Tokyo Drifter (1966)
Critics Consensus: No consensus yet.
No Top Critics Tomatometer score yet...
Tokyo Drifter stands with Branded to Kill as one of the best-known and most acclaimed films of Seijun Suzuki, one of Japan's most talented maverick directors. A colorful riot of an action drama, Tokyo Drifter, like many of Suzuki's films, transforms a standard gangster film plot into a vehicle for his own loopy brand of filmmaking, featuring gorgeous cinematography, unconventional storytelling techniques, and a dark sense of humor. This particular example centers on Tetsu, a yakuza member who, when his gang is disbanded, remains loyal to his boss and attempts to go straight. This is no easy task, however, as the yakuza are determined to get him back into the life -- or kill him if he refuses. The pressure soon forces Tetsu to go on the road, becoming the "Tokyo drifter" of the title, but even this is not enough to prevent his past from violently catching up with him. The film's choreographed action and vibrant color palette make the frequent action sequences, including one of the most raucous barroom brawls ever put on film, seem almost like musical numbers, resulting in a spectacularly entertaining and truly original take on the gangster drama. ~ Judd Blaise, Rovi … More
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Critical Consensus: Soggy "Nacho," Aimless "Drift," Untidy "House"
– Rotten Tomatoes
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Critic Reviews for Tokyo Drifter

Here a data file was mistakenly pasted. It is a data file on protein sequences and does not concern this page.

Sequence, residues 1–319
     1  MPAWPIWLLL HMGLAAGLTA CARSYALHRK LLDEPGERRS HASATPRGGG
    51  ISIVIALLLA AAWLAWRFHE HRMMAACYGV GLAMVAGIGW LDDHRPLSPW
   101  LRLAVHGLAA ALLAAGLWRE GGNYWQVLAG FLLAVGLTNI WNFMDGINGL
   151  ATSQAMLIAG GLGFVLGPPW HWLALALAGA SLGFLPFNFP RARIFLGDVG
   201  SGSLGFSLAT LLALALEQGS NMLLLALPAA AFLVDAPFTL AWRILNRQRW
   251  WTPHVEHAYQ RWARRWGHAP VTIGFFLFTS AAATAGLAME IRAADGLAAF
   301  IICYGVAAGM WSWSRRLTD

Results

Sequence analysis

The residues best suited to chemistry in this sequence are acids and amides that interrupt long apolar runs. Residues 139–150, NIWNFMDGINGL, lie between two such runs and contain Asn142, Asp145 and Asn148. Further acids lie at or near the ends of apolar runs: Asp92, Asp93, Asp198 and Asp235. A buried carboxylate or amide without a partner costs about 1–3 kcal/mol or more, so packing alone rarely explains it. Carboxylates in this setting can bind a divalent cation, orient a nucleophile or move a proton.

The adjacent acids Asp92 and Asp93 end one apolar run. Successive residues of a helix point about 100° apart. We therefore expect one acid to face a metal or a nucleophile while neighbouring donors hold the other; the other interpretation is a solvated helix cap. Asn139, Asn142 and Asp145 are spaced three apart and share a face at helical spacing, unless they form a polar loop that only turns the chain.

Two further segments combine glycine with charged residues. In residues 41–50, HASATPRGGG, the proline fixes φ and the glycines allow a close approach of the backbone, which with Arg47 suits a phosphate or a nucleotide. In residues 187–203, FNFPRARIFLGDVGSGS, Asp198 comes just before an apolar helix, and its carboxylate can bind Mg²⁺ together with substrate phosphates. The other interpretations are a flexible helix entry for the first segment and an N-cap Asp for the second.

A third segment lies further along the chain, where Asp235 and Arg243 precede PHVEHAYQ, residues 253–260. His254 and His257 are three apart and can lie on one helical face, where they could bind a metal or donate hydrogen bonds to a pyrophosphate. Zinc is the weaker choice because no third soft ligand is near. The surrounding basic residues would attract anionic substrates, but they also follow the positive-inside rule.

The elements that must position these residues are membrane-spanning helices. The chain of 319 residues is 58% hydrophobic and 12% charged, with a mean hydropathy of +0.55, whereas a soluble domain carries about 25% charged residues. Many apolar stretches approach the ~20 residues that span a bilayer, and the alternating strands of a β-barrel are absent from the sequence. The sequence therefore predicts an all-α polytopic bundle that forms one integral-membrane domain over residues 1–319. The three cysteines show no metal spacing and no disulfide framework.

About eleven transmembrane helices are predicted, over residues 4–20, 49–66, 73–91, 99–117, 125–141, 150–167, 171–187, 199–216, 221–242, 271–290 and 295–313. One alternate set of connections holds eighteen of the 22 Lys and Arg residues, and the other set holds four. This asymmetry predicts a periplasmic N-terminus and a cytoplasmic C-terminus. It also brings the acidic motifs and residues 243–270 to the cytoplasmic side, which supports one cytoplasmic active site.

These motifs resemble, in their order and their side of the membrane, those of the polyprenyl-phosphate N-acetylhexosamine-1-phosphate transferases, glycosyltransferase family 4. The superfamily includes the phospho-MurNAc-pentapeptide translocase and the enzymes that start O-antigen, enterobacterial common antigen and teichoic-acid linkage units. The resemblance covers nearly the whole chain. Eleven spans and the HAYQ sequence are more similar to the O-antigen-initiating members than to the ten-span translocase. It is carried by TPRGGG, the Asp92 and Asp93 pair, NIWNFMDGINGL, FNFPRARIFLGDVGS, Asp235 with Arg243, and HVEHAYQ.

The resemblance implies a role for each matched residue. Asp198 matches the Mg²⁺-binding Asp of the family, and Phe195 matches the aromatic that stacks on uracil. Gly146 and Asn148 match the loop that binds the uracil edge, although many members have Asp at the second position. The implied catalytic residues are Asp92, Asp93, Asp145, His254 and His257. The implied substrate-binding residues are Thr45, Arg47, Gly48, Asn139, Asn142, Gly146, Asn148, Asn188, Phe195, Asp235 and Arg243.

A 1966 yakuza gangster thriller with a pop-art look by the formidable B-movie director Seijun Suzuki.
...plays like a mix of spaghetti western and samurai melodrama relocated to the pop-art splendor of 1960s Japan...
It's the camera trickery and the playful art direction that send up the entire image of the badass yakuza to begin with.
A falta de coesão narrativa é mais do que compensada pelo visual marcante concebido por Suzuki, que cria uma fantasia psicodélica através da direção de arte estilizada, da fotografia com cores marcantes e da música-tema repetida continuamente.
magine what a yakuza thriller might look like if it were codirected by Jean-Luc Godard and John Woo, adding a little Sergio Leone and Jean-Pierre Melville, then multiplied by 10.
Narrative common sense is abandoned for fractured, highly satisfying storytelling.
Audience Reviews for Tokyo Drifter
Makes no damn sense at all. Pretty colors though. This was like a Daniel Clowes yakuza comic with more than a few pages missing.More
The first Yakuza film I've ever seen, and for me, a real eye-opener. I love movies about trying to leave a life of crime behind, and I really enjoyed this one and got behind the hero, Tetsu. If you're a Tarantino fan, watching this (or other Suzuki films) will put his work (particularly the Kill Bill films) into proper context. Exotic music, insanely bright colours, and as far as I'm aware, the earliest instance in my viewing history of the supered-on-the-screen text that we're seeing more and more in North American films, too. A window into 60s Japanese pop culture, and like nothing I've ever seen before.More
A pop 60's aesthetic, a cool like Steve McQueen, a powder blue seersucker suit and an indescribable plot miraculously combine in this B-movie chic from Japan about a mob guy (the Yakusa, baby!) trying to go straight. As another made guy famously said: "... every time I try to get out they drag me back in!"More
Seijun Suzuki's "Tokyo Drifter" is a very silly but important B-Movie. It encompasses the 1960s Japanese New Wave into one film. It's visual and auditory mischief can certainly be amusing (and often copied, most notably by Quentin Tarantino with "Kill Bill: Volume 1") but it also adds up to next to nothing. It's hard to fully embrace a film that makes so little sense. There is nothing to plug into emotionally or narratively. The film may be fun and it's use of color is dazzling, but without any human anchor (which Tarantino certainly added to his pictures) we are left will all style and very little substance.More
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